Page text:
JUST IN: Air Force Research Lab Targets Precision, Navigation and Timing Technology
Photo: iStockThe Air Force Research Laboratory is making investments in new precision, navigation and timing technology, the lab’s commander said April 22.
AFRL is partnering across the services and with allied partners for demonstrations of its various PNT systems such as quantum clocks, inertial devices, radio frequency sensors and magnetometers, said Brig. Gen. Heather Pringle during an event hosted by the Space Foundation.
According to Pringle’s slides, testing of some PNT technologies will take place in 2022 and 2024.
While quantum clock technology already exists, the lab's engineers and scientists are working to reduce the size, weight and power of the systems, she said.
AFRL is “leading” in space clock research-and-development work, according to Pringle's slides.
The organization is working on several research areas including secure communications, precision timing, precision navigation and quantum computing. AFRL allocated about $150 million from fiscal year 2020 through fiscal year 2025 for the research areas.
Quantum technology uses the manipulation of neutrons, photons, electrons and protons to perform tasks. A quantum-based timing capability would track time down to picoseconds, enabling warfighters to operate without using GPS.
The Defense Department has prioritized PNT innovation in recent years. Former President Donald Trump signed an executive order in 2020 to increase the resiliency of the armed services’ positioning, navigation and timing technology. Officials have frequently noted that the United States and the U.S. military — which rely on GPS navigation — are vulnerable to adversaries who may seek to wreak havoc on the nation by jamming or spoofing its signals.
AFRL is also pursuing a satellite system, called the Navigation Technology Satellite-3, which will demonstrate new space-based position, navigation and timing techniques and technologies to detect and mitigate interference and increase system resiliency for users, according to the Air Force. Last summer the program passed its critical design review milestone.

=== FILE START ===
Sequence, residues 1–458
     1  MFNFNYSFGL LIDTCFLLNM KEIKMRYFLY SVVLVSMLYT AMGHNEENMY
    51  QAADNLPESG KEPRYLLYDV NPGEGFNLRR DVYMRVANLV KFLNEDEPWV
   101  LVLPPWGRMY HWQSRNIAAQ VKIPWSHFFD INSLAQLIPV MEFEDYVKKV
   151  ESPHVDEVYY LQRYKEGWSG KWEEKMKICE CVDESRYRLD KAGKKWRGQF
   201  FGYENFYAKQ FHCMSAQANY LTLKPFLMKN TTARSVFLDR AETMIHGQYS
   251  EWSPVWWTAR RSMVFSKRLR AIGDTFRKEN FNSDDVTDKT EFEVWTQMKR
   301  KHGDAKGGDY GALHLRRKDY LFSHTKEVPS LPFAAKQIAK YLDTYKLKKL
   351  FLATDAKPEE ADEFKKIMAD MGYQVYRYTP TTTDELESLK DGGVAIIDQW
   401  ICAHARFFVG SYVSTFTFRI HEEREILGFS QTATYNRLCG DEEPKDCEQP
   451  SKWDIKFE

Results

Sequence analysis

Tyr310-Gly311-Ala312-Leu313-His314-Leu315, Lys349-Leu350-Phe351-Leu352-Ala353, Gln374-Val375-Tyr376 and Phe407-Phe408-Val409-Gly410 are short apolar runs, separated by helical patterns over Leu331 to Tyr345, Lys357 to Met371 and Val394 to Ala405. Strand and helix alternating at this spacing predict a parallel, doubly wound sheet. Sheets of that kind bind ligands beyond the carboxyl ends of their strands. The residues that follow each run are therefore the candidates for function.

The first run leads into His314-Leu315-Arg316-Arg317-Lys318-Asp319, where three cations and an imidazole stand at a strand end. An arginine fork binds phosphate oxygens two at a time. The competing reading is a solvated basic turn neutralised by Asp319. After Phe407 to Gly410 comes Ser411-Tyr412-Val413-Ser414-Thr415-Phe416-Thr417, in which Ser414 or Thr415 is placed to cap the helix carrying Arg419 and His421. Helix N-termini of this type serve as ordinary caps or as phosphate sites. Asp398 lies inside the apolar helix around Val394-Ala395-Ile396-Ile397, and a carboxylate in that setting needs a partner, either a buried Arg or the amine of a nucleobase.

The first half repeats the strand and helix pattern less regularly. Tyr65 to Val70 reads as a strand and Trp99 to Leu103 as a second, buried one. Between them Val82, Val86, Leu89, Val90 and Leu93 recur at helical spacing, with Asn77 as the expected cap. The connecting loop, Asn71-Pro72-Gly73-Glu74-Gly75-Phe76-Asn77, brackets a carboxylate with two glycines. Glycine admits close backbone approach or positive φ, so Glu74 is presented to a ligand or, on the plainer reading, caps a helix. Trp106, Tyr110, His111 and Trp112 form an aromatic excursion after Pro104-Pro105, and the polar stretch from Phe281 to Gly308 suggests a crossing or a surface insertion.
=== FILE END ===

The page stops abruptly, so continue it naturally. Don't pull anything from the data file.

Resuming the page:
“This is an alternate position, navigation and timing capability to help us look at ways to increase robustness, increase resiliency for GPS,” Pringle said. “I … really like what they're doing with the timing on this on this program, because with a typical GPS, of course, there's one clock that's being used, and if that goes off kilter, they go to the backup and the backup, and so on. But with NTS-3 they're trying to leverage the best of three different kinds of timing devices, and using computational models to blend what the time will be.”
The satellite is an “exciting” way to examine timing and will be critical to the future of spaceflight, particularly when looking beyond geosynchronous orbit and cislunar space, she added.
“These kind of alternate ways of benchmarking timing is going to be critical,” she said.
AFRL is also working on quantum computing and sensors, Pringle added.
New optical and radio frequency datalinks will provide opportunities for the armed services to “distribute time” and have a common clock with synchronized time, she said.
Additionally, the technology will support the Pentagon's vision for joint all-domain command and control, she said. JADC2 is envisioned as a way to better link the armed forces’ sensors and shooters on the battlefield. The services are working to develop this vast network — a military internet of things of sorts — through efforts such as the Air Force’s Advanced Battle Management System, the Army’s Project Convergence and the Navy’s Project Overmatch.
Meanwhile, AFRL recently awarded ColdQuanta, a Boulder, Colorado-based quantum technology manufacturer, a $750,000 contract for the development of a high-performance miniature ion trap system, which can be used for time management. The systems are applicable to a spectrum of quantum applications including quantum networks, computing, metrology and timekeeping, according to the company.